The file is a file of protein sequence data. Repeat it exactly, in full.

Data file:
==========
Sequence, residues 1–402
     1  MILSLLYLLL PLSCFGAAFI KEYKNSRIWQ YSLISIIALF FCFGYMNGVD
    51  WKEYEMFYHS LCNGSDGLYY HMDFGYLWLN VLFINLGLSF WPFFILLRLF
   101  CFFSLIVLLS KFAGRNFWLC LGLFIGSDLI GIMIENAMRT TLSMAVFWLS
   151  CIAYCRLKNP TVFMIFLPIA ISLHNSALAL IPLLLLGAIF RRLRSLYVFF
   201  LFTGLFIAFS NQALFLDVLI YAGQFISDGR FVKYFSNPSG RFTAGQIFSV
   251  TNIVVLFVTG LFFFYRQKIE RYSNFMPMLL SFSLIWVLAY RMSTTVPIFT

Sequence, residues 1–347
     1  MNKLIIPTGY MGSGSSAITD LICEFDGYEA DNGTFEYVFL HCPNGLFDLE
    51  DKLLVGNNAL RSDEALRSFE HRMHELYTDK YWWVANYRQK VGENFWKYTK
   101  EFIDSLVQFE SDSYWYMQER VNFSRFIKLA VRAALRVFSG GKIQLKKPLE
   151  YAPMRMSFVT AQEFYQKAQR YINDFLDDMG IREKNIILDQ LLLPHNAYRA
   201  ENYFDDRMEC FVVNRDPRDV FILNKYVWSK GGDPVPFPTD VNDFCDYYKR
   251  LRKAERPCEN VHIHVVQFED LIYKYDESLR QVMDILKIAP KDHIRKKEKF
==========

Sequence, residues 1–402
     1  MILSLLYLLL PLSCFGAAFI KEYKNSRIWQ YSLISIIALF FCFGYMNGVD
    51  WKEYEMFYHS LCNGSDGLYY HMDFGYLWLN VLFINLGLSF WPFFILLRLF
   101  CFFSLIVLLS KFAGRNFWLC LGLFIGSDLI GIMIENAMRT TLSMAVFWLS
   151  CIAYCRLKNP TVFMIFLPIA ISLHNSALAL IPLLLLGAIF RRLRSLYVFF
   201  LFTGLFIAFS NQALFLDVLI YAGQFISDGR FVKYFSNPSG RFTAGQIFSV
   251  TNIVVLFVTG LFFFYRQKIE RYSNFMPMLL SFSLIWVLAY RMSTTVPIFT

Sequence, residues 1–347
     1  MNKLIIPTGY MGSGSSAITD LICEFDGYEA DNGTFEYVFL HCPNGLFDLE
    51  DKLLVGNNAL RSDEALRSFE HRMHELYTDK YWWVANYRQK VGENFWKYTK
   101  EFIDSLVQFE SDSYWYMQER VNFSRFIKLA VRAALRVFSG GKIQLKKPLE
   151  YAPMRMSFVT AQEFYQKAQR YINDFLDDMG IREKNIILDQ LLLPHNAYRA
   201  ENYFDDRMEC FVVNRDPRDV FILNKYVWSK GGDPVPFPTD VNDFCDYYKR
   251  LRKAERPCEN VHIHVVQFED LIYKYDESLR QVMDILKIAP KDHIRKKEKF